Dangers of Meth manufacture
Each pound of manufactured methamphetamine produces about 5 to 6 pounds of hazardous waste. Clandestine drug lab operators commonly bury or burn the waste on or near the site, or dump the waste along the road or into streams or rivers. Others pour waste down the drain, place it in household or commercial trash, or store it on the property.
An estimated 34 different chemicals can be used to produce methamphetamine. Among the most common are cold and allergy medications such as ephedrine, pseudoephedrine, phenylpropanolamine, red phosphorous, iodine, hydrochloric acid, ether, hydriodic acid, and anhydrous ammonia., lye, rock salt, battery acid, lithium batteries, pool acid, iodine, lighter fluid, matches, fireworks, road flares, antifreeze, propane, paint thinner, and drain cleaner.
Lab cooks using ephedrine or pseudoephedrine can make a batch of methamphetamine in anywhere from two to 12 hours depending on the batch's size and whether the cooks use heat to speed up the process (Institute for Law and Justice and 21st Century Solutions 2000; Campbell Resources Inc. n.d.).
There are three main cooking methods for producing methamphetamine• the phenyl-2-propanone (or P2P) method, the red phosphorous (or red P) method, and the Nazi dope (or lithium or sodium reduction) method.
The phenyl-2-propanone method is less common today, largely because its main precursor chemical, phenyl acetic acid, has been strictly regulated and is hard to obtain; it takes longer to produce methamphetamine; and it produces a less pure and less potent form of the drug, a form with worse side effects.
Most methamphetamine cooks now use the latter two methods, in which ephedrine or pseudoephedrine is the main precursor chemical.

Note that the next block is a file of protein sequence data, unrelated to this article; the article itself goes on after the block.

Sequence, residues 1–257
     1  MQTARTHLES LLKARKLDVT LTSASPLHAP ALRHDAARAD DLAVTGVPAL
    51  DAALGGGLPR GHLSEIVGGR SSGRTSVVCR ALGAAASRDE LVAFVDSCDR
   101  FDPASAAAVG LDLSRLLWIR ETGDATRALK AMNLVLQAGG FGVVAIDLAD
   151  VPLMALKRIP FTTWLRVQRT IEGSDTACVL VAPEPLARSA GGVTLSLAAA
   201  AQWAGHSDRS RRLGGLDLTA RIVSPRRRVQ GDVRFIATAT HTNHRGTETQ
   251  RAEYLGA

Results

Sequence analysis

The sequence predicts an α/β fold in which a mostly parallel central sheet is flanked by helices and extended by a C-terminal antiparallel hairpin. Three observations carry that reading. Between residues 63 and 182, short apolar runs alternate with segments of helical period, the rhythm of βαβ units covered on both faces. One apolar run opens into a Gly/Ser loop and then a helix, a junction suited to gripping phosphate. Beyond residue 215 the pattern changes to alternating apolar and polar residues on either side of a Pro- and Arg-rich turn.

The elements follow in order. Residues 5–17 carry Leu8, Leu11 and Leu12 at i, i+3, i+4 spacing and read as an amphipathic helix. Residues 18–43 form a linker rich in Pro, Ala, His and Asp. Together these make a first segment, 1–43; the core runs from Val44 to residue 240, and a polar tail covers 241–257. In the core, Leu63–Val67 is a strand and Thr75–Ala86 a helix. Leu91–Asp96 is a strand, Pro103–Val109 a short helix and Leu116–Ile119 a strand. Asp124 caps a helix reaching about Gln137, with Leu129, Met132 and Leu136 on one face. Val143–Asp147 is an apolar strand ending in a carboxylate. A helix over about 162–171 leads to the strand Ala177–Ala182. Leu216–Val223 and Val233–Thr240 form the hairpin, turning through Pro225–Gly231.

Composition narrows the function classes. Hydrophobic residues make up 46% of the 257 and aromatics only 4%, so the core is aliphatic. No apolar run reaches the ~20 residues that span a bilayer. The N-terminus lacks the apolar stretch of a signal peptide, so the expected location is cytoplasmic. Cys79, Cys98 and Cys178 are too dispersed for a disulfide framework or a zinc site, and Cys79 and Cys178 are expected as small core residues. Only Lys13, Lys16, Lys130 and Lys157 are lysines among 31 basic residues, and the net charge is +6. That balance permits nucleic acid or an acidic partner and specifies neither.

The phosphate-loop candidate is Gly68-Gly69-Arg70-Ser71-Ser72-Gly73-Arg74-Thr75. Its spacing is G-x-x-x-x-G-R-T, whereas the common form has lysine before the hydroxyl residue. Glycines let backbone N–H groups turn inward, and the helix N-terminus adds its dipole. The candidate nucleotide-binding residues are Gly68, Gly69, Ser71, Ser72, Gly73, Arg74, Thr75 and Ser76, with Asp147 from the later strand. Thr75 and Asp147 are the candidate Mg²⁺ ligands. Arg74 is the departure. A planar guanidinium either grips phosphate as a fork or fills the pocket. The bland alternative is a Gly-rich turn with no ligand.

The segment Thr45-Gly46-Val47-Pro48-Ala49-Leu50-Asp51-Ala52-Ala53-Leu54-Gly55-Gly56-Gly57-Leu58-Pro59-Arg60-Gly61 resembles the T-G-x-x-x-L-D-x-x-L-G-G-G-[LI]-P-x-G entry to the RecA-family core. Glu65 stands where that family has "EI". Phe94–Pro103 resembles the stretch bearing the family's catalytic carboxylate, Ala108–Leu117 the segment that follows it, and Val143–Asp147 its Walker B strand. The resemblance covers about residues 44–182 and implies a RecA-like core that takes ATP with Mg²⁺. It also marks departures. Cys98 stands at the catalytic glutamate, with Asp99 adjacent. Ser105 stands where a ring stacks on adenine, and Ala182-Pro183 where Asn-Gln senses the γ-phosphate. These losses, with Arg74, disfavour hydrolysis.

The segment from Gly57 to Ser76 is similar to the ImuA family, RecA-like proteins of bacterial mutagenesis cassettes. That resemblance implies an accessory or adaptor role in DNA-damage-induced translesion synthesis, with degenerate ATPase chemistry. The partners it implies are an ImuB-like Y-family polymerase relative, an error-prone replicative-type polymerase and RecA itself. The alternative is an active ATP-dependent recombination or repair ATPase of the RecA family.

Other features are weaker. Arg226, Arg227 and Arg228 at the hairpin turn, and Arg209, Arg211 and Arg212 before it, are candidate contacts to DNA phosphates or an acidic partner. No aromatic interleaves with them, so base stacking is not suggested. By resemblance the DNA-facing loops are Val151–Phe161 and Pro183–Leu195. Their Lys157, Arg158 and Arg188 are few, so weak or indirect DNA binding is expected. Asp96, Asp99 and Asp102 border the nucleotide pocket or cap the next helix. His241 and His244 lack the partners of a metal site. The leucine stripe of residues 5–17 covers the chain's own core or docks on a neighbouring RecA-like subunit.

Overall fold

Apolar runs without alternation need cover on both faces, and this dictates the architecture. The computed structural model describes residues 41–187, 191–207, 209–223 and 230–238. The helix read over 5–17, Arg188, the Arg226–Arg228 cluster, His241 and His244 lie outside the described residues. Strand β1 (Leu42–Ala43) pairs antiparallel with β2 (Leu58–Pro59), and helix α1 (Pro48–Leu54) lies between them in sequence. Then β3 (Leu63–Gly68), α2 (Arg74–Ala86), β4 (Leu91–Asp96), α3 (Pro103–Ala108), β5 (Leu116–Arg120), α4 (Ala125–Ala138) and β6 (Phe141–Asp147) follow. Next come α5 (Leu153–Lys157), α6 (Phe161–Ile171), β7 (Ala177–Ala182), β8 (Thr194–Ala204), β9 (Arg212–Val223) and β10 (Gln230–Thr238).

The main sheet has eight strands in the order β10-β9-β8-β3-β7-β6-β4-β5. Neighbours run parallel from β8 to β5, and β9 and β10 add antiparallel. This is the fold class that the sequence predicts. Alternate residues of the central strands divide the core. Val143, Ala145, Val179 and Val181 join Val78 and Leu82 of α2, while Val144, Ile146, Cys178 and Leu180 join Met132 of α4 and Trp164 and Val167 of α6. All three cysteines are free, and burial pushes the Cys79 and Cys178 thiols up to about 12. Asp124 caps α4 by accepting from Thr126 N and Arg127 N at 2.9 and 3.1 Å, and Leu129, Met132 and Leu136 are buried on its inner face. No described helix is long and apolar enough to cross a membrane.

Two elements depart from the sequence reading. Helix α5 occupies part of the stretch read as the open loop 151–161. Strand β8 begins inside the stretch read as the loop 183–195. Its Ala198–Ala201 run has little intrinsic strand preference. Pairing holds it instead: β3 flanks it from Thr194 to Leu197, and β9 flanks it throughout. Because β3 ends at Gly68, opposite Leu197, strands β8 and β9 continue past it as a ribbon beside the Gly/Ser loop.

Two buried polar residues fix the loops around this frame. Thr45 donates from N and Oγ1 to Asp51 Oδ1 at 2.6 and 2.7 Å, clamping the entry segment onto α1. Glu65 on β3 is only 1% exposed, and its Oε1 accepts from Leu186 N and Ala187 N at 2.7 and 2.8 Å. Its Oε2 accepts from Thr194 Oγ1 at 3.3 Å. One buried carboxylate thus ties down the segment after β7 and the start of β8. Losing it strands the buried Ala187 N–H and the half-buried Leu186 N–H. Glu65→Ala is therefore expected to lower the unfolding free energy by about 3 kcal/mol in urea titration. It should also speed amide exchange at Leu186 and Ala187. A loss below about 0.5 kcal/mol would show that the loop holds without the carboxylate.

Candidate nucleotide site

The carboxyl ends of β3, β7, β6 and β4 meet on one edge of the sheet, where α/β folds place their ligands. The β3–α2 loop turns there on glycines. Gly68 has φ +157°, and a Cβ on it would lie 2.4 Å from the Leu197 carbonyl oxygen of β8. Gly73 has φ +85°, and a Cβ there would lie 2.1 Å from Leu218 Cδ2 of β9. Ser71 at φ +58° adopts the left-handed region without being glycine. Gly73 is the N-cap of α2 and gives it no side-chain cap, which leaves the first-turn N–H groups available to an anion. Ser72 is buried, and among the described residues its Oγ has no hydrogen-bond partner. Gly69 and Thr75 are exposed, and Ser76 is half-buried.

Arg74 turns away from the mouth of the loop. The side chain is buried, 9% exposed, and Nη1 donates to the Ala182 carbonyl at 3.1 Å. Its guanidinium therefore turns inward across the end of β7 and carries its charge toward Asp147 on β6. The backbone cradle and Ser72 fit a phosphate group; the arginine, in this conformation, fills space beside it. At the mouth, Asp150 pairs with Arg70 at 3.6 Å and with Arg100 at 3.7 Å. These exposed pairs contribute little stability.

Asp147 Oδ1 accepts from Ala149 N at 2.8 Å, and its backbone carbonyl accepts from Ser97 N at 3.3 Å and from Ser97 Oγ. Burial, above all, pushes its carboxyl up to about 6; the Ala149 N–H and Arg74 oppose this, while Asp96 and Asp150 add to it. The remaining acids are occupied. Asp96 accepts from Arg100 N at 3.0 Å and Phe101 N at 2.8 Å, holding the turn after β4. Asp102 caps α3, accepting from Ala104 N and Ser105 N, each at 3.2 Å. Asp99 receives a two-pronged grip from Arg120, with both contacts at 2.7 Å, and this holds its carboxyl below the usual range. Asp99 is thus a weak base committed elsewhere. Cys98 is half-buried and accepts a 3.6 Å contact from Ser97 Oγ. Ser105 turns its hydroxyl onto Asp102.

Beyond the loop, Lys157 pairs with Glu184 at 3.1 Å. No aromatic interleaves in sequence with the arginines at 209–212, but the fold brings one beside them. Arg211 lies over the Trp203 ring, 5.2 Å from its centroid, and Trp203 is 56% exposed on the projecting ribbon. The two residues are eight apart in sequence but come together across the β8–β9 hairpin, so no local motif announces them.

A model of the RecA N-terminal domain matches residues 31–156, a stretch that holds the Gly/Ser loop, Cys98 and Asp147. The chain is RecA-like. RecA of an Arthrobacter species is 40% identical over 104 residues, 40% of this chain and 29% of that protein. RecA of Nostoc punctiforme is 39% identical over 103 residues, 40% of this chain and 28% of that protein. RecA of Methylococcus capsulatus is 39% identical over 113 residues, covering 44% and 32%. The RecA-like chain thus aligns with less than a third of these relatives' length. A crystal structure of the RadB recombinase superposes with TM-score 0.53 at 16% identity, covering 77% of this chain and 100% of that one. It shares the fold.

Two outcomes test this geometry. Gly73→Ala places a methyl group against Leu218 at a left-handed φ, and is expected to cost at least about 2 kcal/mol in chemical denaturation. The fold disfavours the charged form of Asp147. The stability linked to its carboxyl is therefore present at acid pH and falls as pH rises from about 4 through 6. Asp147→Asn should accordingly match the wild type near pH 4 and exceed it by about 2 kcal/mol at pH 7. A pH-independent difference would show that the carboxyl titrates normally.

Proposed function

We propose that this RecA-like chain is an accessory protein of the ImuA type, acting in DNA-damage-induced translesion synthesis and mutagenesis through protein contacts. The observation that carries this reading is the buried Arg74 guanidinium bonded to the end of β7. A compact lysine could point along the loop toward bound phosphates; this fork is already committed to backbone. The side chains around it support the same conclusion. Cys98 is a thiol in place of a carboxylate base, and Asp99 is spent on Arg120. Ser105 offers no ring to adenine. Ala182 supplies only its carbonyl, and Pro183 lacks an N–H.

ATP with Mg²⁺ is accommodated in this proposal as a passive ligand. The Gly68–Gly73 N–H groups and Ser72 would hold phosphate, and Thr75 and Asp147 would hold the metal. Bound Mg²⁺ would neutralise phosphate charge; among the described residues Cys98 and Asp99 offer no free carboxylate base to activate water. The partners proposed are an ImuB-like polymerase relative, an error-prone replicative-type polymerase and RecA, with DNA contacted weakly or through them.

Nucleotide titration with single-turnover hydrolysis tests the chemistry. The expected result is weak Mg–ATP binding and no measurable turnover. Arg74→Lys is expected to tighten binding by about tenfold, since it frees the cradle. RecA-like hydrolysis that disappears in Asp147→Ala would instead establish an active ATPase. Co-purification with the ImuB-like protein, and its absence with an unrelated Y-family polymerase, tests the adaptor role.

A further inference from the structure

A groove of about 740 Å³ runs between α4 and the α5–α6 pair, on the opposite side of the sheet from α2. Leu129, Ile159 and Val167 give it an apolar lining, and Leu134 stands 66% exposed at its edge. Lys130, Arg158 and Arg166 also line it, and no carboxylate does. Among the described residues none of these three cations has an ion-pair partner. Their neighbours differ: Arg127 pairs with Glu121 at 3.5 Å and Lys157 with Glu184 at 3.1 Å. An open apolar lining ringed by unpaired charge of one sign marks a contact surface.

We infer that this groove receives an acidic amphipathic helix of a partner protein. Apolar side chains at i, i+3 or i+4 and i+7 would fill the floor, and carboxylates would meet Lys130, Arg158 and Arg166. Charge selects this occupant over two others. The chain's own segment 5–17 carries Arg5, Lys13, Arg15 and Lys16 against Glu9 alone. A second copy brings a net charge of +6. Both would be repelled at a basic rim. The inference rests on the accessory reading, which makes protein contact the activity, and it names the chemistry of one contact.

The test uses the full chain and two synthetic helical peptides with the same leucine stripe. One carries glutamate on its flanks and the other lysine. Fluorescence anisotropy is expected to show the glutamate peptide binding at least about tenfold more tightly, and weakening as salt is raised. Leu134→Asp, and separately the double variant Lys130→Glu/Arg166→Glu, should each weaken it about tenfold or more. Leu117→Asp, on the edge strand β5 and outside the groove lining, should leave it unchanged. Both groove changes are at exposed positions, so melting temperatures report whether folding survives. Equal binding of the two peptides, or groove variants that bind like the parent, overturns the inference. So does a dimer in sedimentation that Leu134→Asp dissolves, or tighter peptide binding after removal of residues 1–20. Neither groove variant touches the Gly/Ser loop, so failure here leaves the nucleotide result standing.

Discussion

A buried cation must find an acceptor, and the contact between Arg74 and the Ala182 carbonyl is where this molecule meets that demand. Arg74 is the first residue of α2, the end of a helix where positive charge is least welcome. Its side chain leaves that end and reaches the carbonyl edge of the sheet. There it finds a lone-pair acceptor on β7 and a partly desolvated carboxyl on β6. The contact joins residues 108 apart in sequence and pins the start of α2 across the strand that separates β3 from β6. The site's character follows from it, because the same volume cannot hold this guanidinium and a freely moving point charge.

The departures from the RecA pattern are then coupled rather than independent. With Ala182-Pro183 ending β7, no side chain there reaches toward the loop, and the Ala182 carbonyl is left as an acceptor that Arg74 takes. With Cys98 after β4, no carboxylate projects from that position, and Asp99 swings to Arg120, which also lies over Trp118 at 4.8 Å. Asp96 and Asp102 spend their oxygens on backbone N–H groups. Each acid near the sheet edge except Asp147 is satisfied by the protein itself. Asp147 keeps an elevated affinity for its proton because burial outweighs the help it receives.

The red phosphorous method uses match tips and iodine, where the Nazi dope method uses lithium or sodium metal strips and anhydrous ammonia, an agricultural fertiliser, to synthesise the ephedrine or pseudoephedrine.
Heating the chemical red phosphorous, found in match tips can create phosphine, a deadly gas.
Various chemicals that are used in or are by-products of methamphetamine production, such as phosphine, ether, ammonia, battery acid, and acetone, have distinctive smells.
Phosphine smells like garlic,
Sulphur smells like rotten eggs, Ammonia smells like cat urine, and Acetone smells like nail polish remover.
With availability at an all time high, and price at an all time low, the issue of Methamphetamine and how it affects properties, landlords and tenants is not going away.
One of the most significant issues currently facing New Zealand landlords is that around Methamphetamine (also known as meth, crystal meth, or ‘P’). What makes methamphetamine such a problem is that it’s a drug that can be made from scratch, without any experience, with easily accessible chemicals, using basic household equipment, and unfortunately the ‘cooking’ instructions are as freely available as the ingredients. With a high percentage of this drug being produced in rental properties, it is important for all investors to understand their responsibilities around this issue as well as the risks it can present for them, their tenants, and their properties.